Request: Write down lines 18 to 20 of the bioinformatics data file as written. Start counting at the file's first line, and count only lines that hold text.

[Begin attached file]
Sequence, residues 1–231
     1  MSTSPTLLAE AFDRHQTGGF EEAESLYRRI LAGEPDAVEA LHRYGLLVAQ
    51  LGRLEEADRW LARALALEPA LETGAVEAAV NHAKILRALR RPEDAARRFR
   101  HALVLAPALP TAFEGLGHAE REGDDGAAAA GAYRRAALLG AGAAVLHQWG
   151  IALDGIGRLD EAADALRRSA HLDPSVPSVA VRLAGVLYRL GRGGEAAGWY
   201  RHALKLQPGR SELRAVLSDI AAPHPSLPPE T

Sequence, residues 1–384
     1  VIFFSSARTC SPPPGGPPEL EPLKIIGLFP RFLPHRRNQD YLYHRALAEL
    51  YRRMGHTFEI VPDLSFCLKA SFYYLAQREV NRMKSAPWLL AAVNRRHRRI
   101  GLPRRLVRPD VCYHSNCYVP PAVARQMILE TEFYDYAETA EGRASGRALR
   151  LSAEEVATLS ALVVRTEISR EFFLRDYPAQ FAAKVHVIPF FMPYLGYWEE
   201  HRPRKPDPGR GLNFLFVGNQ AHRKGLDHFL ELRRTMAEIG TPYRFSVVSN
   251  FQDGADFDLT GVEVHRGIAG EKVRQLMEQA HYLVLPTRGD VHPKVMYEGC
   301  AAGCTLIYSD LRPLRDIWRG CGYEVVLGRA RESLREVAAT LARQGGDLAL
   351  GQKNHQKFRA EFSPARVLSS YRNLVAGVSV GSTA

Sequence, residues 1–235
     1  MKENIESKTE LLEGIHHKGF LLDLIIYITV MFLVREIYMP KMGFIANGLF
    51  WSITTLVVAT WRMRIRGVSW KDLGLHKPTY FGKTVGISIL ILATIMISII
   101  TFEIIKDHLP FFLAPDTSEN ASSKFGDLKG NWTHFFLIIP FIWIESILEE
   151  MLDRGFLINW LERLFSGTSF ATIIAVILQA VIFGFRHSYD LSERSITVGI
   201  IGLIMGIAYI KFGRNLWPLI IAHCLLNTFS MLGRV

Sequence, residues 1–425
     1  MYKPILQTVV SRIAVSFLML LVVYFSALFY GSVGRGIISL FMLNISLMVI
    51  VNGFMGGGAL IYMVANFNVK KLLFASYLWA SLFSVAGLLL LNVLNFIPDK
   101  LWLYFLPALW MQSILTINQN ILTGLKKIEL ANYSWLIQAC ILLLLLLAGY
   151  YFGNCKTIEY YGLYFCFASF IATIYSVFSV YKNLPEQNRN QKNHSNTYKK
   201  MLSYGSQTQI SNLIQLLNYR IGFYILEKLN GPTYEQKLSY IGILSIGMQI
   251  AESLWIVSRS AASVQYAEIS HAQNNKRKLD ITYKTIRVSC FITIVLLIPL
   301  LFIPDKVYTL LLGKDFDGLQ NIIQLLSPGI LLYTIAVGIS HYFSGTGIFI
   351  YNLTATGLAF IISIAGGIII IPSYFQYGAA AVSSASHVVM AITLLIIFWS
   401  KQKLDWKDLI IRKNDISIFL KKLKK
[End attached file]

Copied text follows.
    51  WSITTLVVAT WRMRIRGVSW KDLGLHKPTY FGKTVGISIL ILATIMISII
   101  TFEIIKDHLP FFLAPDTSEN ASSKFGDLKG NWTHFFLIIP FIWIESILEE
   151  MLDRGFLINW LERLFSGTSF ATIIAVILQA VIFGFRHSYD LSERSITVGI